“Vocational” is a term which is sometimes associated with professional work, but also with unpaid work. What it really means is that the work is central to your life — that you take it seriously and intend to excel at it. In other words, it truly puts the emphasis on your commitment, and not whether your interest is pecuniary or not.
I’m a little bothered by the association with “vocational school” which, when opposed to college, implies a kind of intellectual lowness which some might object to. But there is also the idea of “vocations” which is the term used when people are driven to a task by religious or charitable motivations, that imparts a kind of spiritual uplift — something I believe is a part of many free culture artists’ worldview (i.e. they do what they do, at least partly, because they believe the world will be better for it).
Of course many vocational artists are also professional artists. Many are amateurs. The idea is to stop splitting them up on the basis of whether they get paid, but instead on whether they apply themselves to the work seriously.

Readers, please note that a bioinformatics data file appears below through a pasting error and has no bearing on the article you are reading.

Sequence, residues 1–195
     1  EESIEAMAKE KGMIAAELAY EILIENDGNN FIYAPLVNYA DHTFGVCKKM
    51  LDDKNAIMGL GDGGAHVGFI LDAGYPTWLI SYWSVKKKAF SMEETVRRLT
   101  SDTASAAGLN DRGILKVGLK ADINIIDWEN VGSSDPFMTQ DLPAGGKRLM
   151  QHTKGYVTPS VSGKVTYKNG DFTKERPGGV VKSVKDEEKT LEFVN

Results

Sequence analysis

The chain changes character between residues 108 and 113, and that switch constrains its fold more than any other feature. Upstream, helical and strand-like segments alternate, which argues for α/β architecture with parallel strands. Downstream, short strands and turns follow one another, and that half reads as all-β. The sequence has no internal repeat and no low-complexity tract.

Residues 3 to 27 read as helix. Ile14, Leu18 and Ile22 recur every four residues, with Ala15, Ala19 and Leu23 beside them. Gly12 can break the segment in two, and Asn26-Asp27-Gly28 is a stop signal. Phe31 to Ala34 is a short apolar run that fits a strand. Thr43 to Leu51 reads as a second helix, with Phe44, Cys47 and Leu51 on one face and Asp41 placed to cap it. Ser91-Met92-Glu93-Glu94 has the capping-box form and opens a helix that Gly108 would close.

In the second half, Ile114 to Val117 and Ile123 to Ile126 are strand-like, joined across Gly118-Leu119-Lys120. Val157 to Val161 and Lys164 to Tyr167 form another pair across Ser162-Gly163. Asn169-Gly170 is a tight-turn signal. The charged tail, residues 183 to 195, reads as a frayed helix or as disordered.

I’m thinking of adopting this word “vocational” as the proper term of art in my own writing for artists who contribute to free culture works on a serious level. Perhaps it’ll catch on.
2 Comments on "For Love or Money: Vocationalism"
But there is also the idea of “vocations” which is the term used when people are driven to a task by religious or charitable motivations, that imparts a kind of spiritual uplift . . . You’re on to something here. Look at the etymology. It’s from the Latin verb “to call” (vocare, as a noun we have vox, voice, as in vox populii). One’s vocation is one’s calling and, in the Christian context (which is where this usage comes from) it is god who does the calling. Specifically, he calls people to service in the church.
Yep, I got that from my Catholic upbringing. 🙂
I don’t want to over-emphasize the Christian usage, though. It doesn’t have to be the Christian God notionally “calling” you. Could be “your muse” or “the survival imperative” or “creative impulse” or whatever metaphor works for you.